I’ve always been obsessive about burning off every calorie I consume, but even at age 20, I couldn’t deny the difference between my toned physique and that of a diabetic and carb-free 40-something-year-old coworker I never would have gone to the beach with if I’d known her mid-calf kindergarten teacher-like dresses hid svelte Victoria’s Secret model angles, ribs, and concave hips. As I aged and maintaining my buns of steel required more effort, I assumed my metabolism had slowed down and blamed binges on my anorexic mother who lived on peanut butter toast and tea but crammed my umbilical cord full of Cool Whip during pregnancy cravings.
In 2001, while staring at my reflection flickering across bungalows outside a bus window on the way home from work at dusk, I had an epiphany: To me, food = love. Before my brother was born, my parents would go roller skating on Saturday nights, and my mom would bring me a McDonald’s cherry pie. Once her forceps-wielding obstetrician botched Bo’s delivery and his afflictions demanded every minute of her attention, I raised myself in my bedroom, where I lived vicariously through new wave lyrics, expanded my vocabulary reading Stephen King novels, and developed a dark and smirky sense of humor watching “Alfred Hitchcock Presents” reruns. After a decade of solitude, I came home from yet another “Breakfast Club”-like day of high school to a plump bismarck doughnut piled high with fluffy white frosting and sprinkles. I still swear light flooded the cupboard and angels sang as my beaming mother opened the cupboard door Vanna White-style to reveal the Dunkin’ Donuts box.
Despite realizing I was living a cliché-cum-ABC Afterschool Special, I continued to console myself with cream-filled doughnuts when stressed, sad, disappointed, mistreated, or provoked to say something I really, really wanted to say but couldn’t. By my mid-30s, I could devour half a dozen Krispy Kremes before the cashier even handed me the receipt.
The Proverbial Straw
When my ex-boyfriend’s 80-year-old dad contracted a second infection post-hip replacement surgery in 2013 and couldn’t venture eight hours north for their annual Labor Day trip to Canada’s Bruce Peninsula, the ex invited me. My teeth chattered and a tremor rumbled down my spine as I read the email that promised shopping, hiking, stargazing, and s’mores, so I should have declined, but curiosity and optimism trumped foreboding and bad memories. Since 2007, I’d witnessed him plan months in advance for their guys-only trip to Lion’s Head, so I wanted to see what evoked so much excitement. I also wanted to believe that nine months apart had changed the person who was 18 years my senior but rushed home from work to watch Judge Judy, Cheaters, and Maury Povich DNA-test episodes and thrived on conflict, which he instigated by pointing out physical imperfections, plotting solo trips to Florida behind my back, and surprising me with walnut brownies or cherry frosting each time I told him I’d given up sugar. To my dismay, he picked up where he left off pre-breakup and said I looked like a long-haired lhasa apso before we even crossed the border. I spent the next seven days suppressing swear words with store-bought Key lime pie and carrot cake.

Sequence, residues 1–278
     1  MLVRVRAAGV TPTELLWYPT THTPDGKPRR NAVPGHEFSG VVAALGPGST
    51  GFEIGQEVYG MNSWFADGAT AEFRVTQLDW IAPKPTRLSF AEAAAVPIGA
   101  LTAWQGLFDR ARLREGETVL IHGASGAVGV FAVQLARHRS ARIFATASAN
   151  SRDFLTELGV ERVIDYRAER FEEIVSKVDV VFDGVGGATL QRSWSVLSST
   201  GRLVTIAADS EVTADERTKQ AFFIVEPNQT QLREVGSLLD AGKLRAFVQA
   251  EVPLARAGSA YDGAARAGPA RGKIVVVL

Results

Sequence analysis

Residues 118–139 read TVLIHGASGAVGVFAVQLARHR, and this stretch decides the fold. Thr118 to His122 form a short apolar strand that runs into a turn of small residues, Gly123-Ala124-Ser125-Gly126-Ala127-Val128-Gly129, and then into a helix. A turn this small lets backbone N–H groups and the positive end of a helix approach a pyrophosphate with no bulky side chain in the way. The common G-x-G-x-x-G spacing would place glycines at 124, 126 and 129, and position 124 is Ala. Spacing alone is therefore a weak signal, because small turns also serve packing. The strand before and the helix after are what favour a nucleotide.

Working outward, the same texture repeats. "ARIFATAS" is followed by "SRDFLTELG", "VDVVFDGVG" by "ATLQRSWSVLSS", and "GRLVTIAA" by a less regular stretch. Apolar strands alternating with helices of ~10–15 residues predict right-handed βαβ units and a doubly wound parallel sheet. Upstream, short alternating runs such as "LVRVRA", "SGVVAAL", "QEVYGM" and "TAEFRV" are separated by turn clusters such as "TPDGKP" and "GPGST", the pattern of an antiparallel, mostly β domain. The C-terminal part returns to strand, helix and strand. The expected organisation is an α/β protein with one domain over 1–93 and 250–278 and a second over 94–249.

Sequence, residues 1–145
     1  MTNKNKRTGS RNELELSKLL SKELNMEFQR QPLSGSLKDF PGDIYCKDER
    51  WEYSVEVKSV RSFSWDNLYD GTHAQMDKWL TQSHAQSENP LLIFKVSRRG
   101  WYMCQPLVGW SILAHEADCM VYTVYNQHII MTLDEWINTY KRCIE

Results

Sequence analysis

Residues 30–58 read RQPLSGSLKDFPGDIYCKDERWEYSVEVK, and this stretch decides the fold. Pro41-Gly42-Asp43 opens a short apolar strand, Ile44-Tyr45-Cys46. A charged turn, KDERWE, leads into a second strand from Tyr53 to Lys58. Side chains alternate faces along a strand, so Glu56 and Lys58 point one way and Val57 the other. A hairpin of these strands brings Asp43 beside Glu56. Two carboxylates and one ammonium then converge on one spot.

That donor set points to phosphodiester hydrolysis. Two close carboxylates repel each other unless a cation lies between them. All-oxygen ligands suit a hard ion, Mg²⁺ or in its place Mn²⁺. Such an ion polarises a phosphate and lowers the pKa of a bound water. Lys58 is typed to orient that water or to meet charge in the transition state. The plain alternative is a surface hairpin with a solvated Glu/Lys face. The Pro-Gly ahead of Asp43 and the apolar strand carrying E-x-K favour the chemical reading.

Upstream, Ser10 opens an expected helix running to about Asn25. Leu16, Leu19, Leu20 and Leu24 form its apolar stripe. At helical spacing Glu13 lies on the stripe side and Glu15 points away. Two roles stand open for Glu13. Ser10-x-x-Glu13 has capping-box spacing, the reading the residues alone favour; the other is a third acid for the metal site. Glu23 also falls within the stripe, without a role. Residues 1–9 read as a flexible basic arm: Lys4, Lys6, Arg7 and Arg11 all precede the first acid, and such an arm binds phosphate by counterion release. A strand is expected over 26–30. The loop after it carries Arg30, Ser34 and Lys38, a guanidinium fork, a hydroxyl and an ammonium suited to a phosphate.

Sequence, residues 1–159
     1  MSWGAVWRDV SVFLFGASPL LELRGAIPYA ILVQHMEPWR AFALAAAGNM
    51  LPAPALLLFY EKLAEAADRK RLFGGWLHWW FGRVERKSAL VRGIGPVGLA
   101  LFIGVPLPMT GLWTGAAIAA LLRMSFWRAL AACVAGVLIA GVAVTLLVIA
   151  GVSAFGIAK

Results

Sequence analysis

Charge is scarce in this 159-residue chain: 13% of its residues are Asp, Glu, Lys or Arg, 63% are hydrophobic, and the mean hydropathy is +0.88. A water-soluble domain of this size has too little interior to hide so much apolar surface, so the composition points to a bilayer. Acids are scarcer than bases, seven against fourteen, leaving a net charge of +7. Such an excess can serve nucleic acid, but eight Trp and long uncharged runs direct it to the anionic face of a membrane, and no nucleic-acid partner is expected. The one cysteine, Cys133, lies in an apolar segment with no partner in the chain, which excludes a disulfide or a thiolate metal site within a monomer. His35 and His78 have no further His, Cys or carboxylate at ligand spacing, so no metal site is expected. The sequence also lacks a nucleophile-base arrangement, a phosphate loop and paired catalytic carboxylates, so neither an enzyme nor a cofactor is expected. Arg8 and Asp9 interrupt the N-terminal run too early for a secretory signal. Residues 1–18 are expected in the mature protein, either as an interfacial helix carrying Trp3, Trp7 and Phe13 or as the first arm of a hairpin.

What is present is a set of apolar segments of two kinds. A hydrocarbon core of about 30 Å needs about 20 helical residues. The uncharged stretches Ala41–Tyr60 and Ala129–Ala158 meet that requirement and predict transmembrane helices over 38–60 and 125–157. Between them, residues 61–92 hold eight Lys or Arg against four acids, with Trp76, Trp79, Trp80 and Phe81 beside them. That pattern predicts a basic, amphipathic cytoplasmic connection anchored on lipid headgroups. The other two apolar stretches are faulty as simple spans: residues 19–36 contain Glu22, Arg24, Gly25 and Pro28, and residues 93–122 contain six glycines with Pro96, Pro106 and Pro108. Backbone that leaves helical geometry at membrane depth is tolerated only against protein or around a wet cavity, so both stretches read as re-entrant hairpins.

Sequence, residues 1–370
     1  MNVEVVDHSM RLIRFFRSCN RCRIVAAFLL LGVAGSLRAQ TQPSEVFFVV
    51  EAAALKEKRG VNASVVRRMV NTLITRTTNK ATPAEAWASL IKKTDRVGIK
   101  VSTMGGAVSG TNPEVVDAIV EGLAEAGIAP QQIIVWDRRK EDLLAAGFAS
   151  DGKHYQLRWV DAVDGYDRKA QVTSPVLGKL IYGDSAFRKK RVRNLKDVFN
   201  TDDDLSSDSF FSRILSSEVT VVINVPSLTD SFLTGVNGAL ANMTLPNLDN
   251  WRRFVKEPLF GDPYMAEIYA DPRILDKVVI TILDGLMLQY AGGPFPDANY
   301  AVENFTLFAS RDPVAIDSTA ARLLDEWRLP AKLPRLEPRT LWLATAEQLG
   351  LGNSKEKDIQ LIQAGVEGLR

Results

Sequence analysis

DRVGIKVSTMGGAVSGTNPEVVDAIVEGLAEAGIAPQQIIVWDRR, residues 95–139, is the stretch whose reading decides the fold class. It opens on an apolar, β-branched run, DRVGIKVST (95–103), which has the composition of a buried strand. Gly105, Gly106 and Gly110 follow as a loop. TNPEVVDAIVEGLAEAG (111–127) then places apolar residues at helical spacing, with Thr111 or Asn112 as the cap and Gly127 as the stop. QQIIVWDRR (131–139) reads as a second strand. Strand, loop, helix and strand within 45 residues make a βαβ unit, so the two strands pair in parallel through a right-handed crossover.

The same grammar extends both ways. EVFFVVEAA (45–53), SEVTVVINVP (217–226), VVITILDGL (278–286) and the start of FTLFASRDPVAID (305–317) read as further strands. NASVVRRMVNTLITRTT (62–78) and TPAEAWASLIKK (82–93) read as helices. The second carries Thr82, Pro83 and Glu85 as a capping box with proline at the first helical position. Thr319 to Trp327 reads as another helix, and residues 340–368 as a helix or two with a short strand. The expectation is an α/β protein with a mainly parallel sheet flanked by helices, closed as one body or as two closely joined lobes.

Two weeks after I came home, I began shedding long blonde hair in the shower like a chemo patient. Colorists, stylists, and strangers have always complimented my voluminous mane, so losing half of it was traumatic enough. But then I began waking up with green fingerprint-sized bruises polka-dotting my legs from my knees to my ankles. At night, Bill Gates couldn’t pay me to stop tapping my feet or bouncing my legs, and my forever-cold feet felt like they’d been set on fire. During the day, I got dizzy each time I stood up and couldn’t amble to the kitchen from the living room without wheezing. After meeting a friend for Indian-hot paneer makhani, which I’d treated myself to on a regular basis for 12 years, I struggled to breathe and thought I was going into anaphylactic shock. Having read about Oscar the therapy cat who lives in a nursing home and predicts when residents are going to die, I assumed I was next when my own cat began leaning his face toward my mouth, wiggling his pink nose, and then bolting from the bed.
Some symptoms denoted hypothyroidism, which was possible since I’ve taken diet pills on and off throughout the years. Other symptoms indicated anemia or celiac disease. It wasn’t until I flipped through channels one weekday morning and heard Dr. Oz mention smelly scalp that all of my symptoms leapt on top of one another like an NFL team trying to claim the football. For months, I hadn’t turned my head to the left or right without catching a whiff of something unpleasant like the plant-based Aveda shampoo and conditioner I used was fermenting. That scent turned out to be candida, or yeast.